For these Girls in Action, learning about global missions from GA leader Rosalie Hall Hunt is a definite perk; in fact, she literally wrote the book on the history of Woman’s Missionary Union.
Rosalie and her husband, Bob, are retired Southern Baptist missionaries now living in Guntersville, Ala., having served 30 years in China, Taiwan, Hong Kong, Myanmar, South Asia, Australia and the Philippines.
Hunt is the author of WMU’s 125th anniversary history, “We’ve a Story to Tell: 125 Years of WMU,” as well as historical narratives about such legendary missions leaders as Fannie E.S. Heck, Ann Hasseltine Judson and Hephzibah Jenkins Townsend.
Two of Hunt’s books, “Her Way: The Remarkable Story of Hephzibah Jenkins Townsend,” and “Out of Exile: Fannie Heck & the Rest of the Story,” were published by Courier Publishing, the book-production arm of The Baptist Courier.
She brings that same missions passion and commitment to her grade school GAs who gather each Wednesday evening for missions education and activities at First Baptist Church in Guntersville.
“I so much want these girls to have a world heart, a worldview, and know that America is not the center of the universe and that they can be part of God’s plan,” she emphasized. “You don’t have to be 29 years old. You can be part of God’s plan when you’re 9 years old, and He can speak to you then and keep speaking to you.”
The Royal Ambassadors at First Baptist are in good hands as well. Jackie Hester, an assistant principal at Central School in Madison County, is a former Alabama Acteens panelist. Her love of missions was nurtured during her years as a GA and Acteen, and she wanted to pass along that missions legacy to her son and other boys in the congregation and community.
“What we like to do is to make sure the boys understand what it is to be the hands and feet of Jesus,” Hester said. “We want to incorporate the values and the virtues of the RAs and make sure they understand what it is to be a missionary themselves.”
Rosalie and Jackie work closely with a team of other GA and RA leaders in the church to help their students both learn about and get personally involved in missions.
“I like how I get to help people that don’t have a lot of stuff,” fourth-grader Ella Kate Smith said. She said her GA experience has helped her understand “how important it is to learn about God and tell other people about it.”
Ella Kate’s sister Caroline, who is entering the seventh grade, said she enjoys “doing all the projects that we get to do,” as well as “meeting all these missionaries that come and get to talk to us.”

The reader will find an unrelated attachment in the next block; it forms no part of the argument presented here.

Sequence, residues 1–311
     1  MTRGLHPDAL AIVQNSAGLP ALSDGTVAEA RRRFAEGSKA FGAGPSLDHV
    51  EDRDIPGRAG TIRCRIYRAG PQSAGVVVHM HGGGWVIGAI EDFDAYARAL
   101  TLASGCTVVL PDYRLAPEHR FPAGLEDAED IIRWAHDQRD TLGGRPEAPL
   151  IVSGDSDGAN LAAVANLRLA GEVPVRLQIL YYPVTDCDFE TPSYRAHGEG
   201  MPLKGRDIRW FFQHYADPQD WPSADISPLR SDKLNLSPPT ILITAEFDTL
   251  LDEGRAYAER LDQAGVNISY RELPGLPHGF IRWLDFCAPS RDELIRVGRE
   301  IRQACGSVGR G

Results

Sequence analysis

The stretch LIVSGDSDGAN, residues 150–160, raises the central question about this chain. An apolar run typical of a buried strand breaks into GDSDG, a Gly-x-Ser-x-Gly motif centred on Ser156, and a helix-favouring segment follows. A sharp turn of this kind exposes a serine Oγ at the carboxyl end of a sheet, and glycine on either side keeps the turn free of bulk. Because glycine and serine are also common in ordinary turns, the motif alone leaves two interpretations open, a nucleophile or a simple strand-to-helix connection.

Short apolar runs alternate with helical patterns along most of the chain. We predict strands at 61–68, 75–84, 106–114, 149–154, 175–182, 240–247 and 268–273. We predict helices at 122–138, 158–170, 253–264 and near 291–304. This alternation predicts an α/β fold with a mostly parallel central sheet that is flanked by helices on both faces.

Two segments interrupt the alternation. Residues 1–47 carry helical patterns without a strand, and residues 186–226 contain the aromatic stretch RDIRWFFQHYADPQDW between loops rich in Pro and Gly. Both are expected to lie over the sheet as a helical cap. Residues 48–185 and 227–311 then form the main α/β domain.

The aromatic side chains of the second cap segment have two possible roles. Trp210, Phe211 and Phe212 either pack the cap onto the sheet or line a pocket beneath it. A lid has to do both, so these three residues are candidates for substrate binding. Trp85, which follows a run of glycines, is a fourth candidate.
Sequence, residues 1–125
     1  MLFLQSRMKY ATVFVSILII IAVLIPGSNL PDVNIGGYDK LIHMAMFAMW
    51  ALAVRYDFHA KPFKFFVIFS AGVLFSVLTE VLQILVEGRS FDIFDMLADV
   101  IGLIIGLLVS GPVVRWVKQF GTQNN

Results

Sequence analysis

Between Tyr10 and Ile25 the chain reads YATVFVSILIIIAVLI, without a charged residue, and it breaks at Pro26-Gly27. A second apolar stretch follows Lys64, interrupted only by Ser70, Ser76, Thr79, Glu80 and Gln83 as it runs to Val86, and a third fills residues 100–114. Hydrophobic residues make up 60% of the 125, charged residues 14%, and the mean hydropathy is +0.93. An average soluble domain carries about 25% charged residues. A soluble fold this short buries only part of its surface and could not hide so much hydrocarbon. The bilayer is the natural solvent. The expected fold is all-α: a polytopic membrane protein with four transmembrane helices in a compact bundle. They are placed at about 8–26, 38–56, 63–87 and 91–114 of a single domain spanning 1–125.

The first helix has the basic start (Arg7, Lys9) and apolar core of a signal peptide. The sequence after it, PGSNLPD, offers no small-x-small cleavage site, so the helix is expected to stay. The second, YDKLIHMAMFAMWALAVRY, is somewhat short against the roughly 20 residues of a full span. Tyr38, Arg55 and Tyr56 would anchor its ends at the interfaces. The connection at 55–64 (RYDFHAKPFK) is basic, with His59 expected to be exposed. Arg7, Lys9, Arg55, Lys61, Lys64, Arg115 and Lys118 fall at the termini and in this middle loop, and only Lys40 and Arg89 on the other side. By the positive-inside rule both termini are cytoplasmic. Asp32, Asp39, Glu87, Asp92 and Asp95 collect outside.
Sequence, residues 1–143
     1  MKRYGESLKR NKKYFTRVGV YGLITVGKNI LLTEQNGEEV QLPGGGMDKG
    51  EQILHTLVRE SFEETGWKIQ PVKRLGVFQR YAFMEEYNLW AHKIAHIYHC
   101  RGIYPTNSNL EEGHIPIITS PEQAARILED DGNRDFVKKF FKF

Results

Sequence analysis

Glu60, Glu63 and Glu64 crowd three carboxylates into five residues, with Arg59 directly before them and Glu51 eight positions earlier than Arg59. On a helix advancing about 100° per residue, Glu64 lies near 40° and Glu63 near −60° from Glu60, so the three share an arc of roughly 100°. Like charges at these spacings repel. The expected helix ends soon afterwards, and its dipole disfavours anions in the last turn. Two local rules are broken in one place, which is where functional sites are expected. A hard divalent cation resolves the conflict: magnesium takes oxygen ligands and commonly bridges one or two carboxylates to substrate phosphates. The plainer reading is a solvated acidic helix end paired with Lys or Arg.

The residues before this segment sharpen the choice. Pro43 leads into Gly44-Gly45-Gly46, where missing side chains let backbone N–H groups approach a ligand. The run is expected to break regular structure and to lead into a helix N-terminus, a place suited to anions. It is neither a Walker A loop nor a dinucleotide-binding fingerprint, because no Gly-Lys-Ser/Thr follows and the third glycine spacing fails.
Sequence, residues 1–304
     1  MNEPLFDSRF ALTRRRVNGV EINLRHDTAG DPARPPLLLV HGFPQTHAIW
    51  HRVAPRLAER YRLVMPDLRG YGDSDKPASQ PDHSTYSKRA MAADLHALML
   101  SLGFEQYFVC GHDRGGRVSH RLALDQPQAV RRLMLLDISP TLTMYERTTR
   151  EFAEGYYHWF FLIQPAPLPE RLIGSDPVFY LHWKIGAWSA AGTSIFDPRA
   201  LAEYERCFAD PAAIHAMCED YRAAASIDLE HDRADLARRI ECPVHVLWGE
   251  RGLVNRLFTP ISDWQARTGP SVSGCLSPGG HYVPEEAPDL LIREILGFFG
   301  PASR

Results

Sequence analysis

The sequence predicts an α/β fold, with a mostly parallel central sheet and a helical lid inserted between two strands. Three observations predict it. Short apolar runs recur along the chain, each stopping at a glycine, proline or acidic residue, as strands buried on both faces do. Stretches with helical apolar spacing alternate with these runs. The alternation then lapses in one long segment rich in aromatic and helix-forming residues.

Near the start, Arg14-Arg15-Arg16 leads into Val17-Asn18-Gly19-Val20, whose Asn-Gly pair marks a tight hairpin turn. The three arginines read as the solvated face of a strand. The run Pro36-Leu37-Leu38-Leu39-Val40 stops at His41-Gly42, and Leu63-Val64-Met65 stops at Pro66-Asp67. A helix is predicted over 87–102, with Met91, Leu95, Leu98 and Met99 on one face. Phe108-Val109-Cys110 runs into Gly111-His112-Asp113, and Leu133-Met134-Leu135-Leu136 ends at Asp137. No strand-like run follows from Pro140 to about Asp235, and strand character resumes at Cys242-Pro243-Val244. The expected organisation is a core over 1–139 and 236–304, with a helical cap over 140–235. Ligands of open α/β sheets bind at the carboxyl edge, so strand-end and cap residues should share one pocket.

As the girls hear firsthand from visiting missionaries, Caroline added, “We’ve gotten to learn about what they do and the risks that they might take to be a missionary in foreign countries” while sharing the gospel of Christ around the world.
Among the GAs’ hands-on projects: connecting with girls their own age or a few years older at Light of Hope Learning Center in Bangladesh. The center is a day shelter that provides impoverished girls with education, life skills, health care and moral training. The girls at Light of Hope also create products that are marketed through National WMU’s WorldCrafts fair-trade ministry.
After studying about the girls in Bangladesh, the GAs in Guntersville wanted to find practical ways to help them. They decided to organize a bake sale to raise money for a sewing machine for the center.
Inviting church members to make donations to purchase the baked goods, Hunt said, “By the time we finished, we ended up with $4,700, so we got a bunch of sewing machines for them.”
The GA group has continued to support the Light of Hope girls, sending them cards, letters and birthday gifts as well as praying for them.
“I think they’re realizing they can actually make a difference,” Hunt said, “and just because the needs are so vast doesn’t mean there aren’t individual needs that they can meet.”
Perry Rose Stewart, a sixth-grade GA, readily agreed. Summing up her GA experience, she said, “I’ve learned more about God, and I’ve gotten to see how other people live in other countries and how I can make a difference in their lives.”
Equipping future church leaders
On the RA front, Hester and other leaders seek to encourage a similar level of missions awareness and involvement. Their RA chapter has taken the lead in organizing an annual chili cook-off to raise funds for the Lottie Moon Christmas Offering for International Missions, and has added a soup cook-off to benefit the Annie Armstrong Easter Offering for North American Missions.
They also have collected shoes for children in need, served alongside the ushers as church greeters, and shadowed several of the church’s ministers and leaders.
“Part of being an RA is learning how to be a leader and follow that leadership role and that’s what we promote for our boys,” Hester said. RA leaders strive to help the boys “feel a purpose and be connected to our church,” she said. “We want them to be leaders.”
Equipping next-generation missions leaders also is a top priority for Hunt. Noting that she would love for some of her GAs to eventually answer God’s call to career missions, she recounted her own commitment to a life of missions service more than seven decades ago.
“I felt God’s call to missions when I was 9 years old — perfect GA age,” she said. “So I wanted that for the children in this church … . That’s when the Lord speaks to children, when they’re young, when their hearts are tender.”
Affirming her personal motivation for nurturing a love of missions in her young GAs, Hunt added, “I really hope to instill a vision in another generation so they will pass it on.”
— Trennis Henderson is the national correspondent for Woman’s Missionary Union. A Baptist journalist for more than 35 years, Henderson is a former editor of the Western Recorder of the Kentucky Baptist Convention and the Arkansas Baptist News state convention newsjournal.